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Each individual with obsessive-compulsive disorder has a unique and customized treatment plan. In many cases, that includes the use of medication in tandem with ERP (exposure response prevention). An effective and proven medication for OCD treatment is a drug called a SSRI (Serotonin Reuptake Inhibitor). Although SSRI’s are commonly used for depression, the use of this treatment helps OCD patients see a reduction of 40% to 60% of frequency in symptoms. 

According to the IOCDF (International OCD Foundation), over half of OCD patients will need to be on at least a low grade dose of medication for many years, if not for life. Despite this statistic, there is a lot of shame and stigma around not only individuals who use medication, but especially for individuals who use medication for long periods of time. 

The Stigma Around Medication 

In many cases, the stigma around using medication in OCD treatment is that it is only used for a “short term” solution or it’s something to be weaned off of. It’s not always addressed as a long term solution. People might have their own shame or guilt around using medication or feel “weak” because of this stigma. In some cases, someone might even wean themselves off of medication due to this fear or shame. 

Erasing the Stigma around Medication 

Any individual who uses medication for mental health is not weak! If medication is the right treatment plan for someone, the best thing they can do is to continue that treatment under the supervision of their health practitioner. For the OCD community, it’s important individuals work together to support all types of recovery journeys.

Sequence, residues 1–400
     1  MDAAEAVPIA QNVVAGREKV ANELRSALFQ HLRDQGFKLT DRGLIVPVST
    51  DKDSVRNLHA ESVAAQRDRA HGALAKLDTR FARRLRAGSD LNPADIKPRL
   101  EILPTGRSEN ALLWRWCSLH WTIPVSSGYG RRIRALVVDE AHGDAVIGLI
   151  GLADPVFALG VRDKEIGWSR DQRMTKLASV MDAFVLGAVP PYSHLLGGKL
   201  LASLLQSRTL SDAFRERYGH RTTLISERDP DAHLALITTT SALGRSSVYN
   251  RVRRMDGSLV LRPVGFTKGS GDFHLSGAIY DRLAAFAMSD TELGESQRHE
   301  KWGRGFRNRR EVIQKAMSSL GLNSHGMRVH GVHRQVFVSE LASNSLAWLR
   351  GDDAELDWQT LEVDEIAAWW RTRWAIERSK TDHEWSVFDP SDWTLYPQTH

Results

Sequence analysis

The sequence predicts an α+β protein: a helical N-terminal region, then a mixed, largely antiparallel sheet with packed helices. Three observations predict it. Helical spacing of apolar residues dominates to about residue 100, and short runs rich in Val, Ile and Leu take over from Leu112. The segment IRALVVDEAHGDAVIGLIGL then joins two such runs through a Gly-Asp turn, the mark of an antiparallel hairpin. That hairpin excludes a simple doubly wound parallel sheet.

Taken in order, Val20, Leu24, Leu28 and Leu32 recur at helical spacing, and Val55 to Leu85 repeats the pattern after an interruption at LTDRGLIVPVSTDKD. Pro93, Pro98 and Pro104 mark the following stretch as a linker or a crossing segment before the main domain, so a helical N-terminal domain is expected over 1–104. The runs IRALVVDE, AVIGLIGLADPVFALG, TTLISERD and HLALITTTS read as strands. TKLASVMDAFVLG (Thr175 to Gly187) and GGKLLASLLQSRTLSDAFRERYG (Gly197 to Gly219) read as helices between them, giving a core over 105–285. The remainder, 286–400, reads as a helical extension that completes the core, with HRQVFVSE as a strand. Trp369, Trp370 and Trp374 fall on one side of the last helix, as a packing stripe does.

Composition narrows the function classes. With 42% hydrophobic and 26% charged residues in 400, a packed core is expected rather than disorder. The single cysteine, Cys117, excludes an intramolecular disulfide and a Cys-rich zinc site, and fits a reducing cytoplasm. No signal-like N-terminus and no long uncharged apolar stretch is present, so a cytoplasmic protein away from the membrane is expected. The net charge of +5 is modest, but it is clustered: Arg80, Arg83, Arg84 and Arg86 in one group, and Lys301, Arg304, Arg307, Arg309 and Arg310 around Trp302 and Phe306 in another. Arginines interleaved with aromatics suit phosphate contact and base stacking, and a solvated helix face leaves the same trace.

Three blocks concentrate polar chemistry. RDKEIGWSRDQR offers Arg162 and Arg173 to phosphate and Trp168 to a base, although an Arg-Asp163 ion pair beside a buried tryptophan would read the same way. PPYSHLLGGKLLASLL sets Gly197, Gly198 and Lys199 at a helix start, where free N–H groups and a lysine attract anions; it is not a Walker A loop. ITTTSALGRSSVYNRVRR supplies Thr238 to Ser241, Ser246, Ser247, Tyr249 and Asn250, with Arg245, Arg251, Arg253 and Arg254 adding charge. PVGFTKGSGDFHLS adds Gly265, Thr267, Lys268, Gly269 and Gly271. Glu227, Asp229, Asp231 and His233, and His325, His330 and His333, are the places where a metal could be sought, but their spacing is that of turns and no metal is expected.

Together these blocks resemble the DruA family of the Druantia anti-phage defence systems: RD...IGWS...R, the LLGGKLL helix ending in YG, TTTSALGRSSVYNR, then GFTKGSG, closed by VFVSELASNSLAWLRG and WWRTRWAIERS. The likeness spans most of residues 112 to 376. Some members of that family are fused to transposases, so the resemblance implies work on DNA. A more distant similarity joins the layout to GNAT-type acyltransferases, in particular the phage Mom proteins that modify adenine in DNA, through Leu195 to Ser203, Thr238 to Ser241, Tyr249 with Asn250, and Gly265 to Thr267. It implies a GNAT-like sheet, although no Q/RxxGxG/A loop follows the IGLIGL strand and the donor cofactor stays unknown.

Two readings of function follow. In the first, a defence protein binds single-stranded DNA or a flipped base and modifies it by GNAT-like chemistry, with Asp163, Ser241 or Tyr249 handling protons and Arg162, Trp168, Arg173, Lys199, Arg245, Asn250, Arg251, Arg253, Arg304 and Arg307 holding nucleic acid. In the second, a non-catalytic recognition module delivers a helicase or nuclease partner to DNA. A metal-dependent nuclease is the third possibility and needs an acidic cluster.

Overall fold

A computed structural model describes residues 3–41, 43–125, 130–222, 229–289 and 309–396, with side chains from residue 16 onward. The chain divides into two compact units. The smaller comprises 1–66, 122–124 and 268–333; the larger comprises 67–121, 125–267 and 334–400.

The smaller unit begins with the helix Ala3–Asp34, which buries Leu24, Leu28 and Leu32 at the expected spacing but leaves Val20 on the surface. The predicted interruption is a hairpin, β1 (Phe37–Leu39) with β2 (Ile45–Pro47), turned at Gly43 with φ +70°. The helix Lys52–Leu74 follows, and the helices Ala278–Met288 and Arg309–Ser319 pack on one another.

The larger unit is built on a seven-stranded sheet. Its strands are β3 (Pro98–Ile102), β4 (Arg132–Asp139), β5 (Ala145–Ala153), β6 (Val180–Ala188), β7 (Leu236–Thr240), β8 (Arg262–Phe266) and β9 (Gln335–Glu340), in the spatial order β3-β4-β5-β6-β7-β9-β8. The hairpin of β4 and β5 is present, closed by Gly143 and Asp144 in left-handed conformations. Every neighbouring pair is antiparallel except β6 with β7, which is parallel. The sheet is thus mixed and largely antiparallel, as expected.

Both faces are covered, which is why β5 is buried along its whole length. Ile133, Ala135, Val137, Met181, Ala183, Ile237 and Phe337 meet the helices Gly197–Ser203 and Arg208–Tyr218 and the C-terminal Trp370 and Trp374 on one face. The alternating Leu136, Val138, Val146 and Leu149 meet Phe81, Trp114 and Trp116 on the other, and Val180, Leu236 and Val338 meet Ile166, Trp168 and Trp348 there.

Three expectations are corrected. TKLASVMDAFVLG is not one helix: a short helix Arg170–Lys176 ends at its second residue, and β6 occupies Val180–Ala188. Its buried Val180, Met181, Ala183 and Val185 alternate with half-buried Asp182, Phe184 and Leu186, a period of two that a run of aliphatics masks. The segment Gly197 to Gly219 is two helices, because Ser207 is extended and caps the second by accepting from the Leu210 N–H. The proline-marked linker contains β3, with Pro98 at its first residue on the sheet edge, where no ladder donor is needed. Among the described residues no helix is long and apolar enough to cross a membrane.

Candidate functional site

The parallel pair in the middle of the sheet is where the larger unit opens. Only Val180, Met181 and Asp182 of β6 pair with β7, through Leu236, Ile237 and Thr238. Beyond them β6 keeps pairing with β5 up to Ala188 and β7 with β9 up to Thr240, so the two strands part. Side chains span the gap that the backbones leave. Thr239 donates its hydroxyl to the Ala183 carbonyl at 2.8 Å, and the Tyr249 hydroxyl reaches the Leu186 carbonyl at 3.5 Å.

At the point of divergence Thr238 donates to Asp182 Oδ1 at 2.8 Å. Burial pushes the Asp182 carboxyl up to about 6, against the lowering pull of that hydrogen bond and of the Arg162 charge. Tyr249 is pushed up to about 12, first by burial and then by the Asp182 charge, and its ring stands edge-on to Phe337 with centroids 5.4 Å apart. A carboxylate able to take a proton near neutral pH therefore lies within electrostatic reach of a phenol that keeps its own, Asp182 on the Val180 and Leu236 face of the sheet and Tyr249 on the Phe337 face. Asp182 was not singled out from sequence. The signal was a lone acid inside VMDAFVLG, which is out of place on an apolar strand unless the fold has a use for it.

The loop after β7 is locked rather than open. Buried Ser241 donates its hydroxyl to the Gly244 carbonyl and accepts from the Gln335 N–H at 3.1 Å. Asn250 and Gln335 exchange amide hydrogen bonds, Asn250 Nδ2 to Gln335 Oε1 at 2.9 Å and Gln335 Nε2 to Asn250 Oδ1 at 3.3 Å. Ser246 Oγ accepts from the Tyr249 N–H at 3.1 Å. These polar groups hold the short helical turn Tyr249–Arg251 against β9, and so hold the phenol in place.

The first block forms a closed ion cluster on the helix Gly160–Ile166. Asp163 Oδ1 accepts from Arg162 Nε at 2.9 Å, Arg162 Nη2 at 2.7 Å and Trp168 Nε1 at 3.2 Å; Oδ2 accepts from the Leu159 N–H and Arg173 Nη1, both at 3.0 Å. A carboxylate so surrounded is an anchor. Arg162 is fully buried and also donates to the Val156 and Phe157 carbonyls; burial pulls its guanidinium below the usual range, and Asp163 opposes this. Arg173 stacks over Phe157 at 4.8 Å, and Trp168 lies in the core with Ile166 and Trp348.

Other ways to reduce the stigma: 

  • Education around side effects: It’s important to discuss the side effects around medication when considering a treatment plan. This is a conversation between the practitioner and patient, but prior education can help an individual monitor their experiences as they manage their medication dose. 
  • Treat mental health like physical health: The use of daily medication for mental health should be regarded in the same way as long term use of medication for physical health. Telling someone they don’t need medication long term could be damaging to a life saving treatment plan. 
  • Share stories around recovery: Whether it’s participating in a peer group, talking with family/friends, or even writing a blog, the more individuals can share their stories and experiences, the more awareness will be spread around medication use for OCD recovery.